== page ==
Thursday, November 30, 2006

Making e-Learning Accessible

Texas has a new law that requires all government web sites to be accessible. We believe that this law also applies to online education provided by state governments. This really isn't new. The laws have been on the US Government books for a long time. But, it sometimes take a while for these things to trickle down.

I'm intersted in this because it's been a concern of mine for a long time. I wrote the first Special Needs policy for the Virtual High School when we first got it going. I've been talking about equity and access for years.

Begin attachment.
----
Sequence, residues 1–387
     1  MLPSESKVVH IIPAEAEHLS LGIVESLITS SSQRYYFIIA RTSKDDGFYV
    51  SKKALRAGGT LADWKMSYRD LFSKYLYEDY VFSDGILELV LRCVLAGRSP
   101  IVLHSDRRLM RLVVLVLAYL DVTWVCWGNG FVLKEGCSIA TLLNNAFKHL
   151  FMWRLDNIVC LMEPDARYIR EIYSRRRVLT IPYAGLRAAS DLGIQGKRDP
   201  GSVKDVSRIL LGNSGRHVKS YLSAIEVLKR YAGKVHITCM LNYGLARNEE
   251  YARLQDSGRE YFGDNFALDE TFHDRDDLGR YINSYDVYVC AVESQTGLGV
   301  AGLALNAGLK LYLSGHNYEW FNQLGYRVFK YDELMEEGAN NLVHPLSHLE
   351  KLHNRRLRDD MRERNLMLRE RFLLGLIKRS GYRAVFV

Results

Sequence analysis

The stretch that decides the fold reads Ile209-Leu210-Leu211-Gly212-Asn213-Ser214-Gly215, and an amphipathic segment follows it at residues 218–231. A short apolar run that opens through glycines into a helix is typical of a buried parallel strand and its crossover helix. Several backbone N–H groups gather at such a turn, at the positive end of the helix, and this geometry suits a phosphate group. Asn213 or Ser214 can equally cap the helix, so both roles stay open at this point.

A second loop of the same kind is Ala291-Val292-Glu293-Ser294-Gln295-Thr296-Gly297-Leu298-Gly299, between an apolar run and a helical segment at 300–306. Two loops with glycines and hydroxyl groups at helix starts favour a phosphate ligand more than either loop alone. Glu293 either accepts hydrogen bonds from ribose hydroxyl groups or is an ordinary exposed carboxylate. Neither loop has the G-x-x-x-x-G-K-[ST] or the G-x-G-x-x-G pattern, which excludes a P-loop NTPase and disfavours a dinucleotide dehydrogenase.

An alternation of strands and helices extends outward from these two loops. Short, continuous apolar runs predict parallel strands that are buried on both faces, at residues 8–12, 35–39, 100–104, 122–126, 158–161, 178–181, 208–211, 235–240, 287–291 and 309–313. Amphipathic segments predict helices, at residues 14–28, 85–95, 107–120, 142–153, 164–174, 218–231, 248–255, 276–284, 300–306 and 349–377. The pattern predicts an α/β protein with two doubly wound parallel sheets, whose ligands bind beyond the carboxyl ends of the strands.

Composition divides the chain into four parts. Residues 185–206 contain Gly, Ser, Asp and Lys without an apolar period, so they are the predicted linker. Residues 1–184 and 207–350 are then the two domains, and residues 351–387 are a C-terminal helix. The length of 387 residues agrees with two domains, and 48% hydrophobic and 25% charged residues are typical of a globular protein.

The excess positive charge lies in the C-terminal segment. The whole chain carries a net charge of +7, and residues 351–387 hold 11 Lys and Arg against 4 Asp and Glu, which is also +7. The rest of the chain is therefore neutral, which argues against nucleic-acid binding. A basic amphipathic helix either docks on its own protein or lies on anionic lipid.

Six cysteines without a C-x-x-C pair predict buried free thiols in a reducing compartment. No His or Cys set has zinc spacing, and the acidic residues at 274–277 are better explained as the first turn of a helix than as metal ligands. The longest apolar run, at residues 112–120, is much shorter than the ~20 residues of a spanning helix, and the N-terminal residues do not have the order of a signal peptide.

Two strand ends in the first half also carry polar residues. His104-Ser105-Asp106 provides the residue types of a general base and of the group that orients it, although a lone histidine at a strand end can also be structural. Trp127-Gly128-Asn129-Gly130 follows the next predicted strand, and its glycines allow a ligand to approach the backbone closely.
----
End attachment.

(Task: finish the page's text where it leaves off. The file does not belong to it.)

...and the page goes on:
The virtual schools have begun to pay attention to the issue, but most of them don't have policies about course design to insure accessibility. Public organizations should have been thinking about the access issues for a long time, but some haven't, or don't thoroghly understand the issues. It's not a single issue, there are a number of them.

There are many resources on the web to help. Here are just a few of my favorites:

Watchfire is a free service that will provide an accessibility report on any single web page entered on the site.

The National Center for Accessible Media (NCAM) has a variety of resources including MAGpie which is a free tool for adding captioning and audio descriptions to rich media.

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